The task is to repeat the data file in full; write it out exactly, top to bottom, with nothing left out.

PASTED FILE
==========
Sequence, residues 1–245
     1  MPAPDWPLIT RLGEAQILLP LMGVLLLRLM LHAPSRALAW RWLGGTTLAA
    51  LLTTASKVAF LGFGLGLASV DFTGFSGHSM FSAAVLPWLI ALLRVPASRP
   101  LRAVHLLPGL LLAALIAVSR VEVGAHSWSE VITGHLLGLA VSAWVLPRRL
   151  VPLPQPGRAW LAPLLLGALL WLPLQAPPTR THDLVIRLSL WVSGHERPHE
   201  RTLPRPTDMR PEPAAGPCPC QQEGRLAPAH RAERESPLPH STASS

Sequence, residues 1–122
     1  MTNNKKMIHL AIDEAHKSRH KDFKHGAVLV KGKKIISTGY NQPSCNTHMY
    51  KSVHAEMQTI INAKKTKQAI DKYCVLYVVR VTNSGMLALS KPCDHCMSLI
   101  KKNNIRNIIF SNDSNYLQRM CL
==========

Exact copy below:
Sequence, residues 1–245
     1  MPAPDWPLIT RLGEAQILLP LMGVLLLRLM LHAPSRALAW RWLGGTTLAA
    51  LLTTASKVAF LGFGLGLASV DFTGFSGHSM FSAAVLPWLI ALLRVPASRP
   101  LRAVHLLPGL LLAALIAVSR VEVGAHSWSE VITGHLLGLA VSAWVLPRRL
   151  VPLPQPGRAW LAPLLLGALL WLPLQAPPTR THDLVIRLSL WVSGHERPHE
   201  RTLPRPTDMR PEPAAGPCPC QQEGRLAPAH RAERESPLPH STASS

Sequence, residues 1–122
     1  MTNNKKMIHL AIDEAHKSRH KDFKHGAVLV KGKKIISTGY NQPSCNTHMY
    51  KSVHAEMQTI INAKKTKQAI DKYCVLYVVR VTNSGMLALS KPCDHCMSLI
   101  KKNNIRNIIF SNDSNYLQRM CL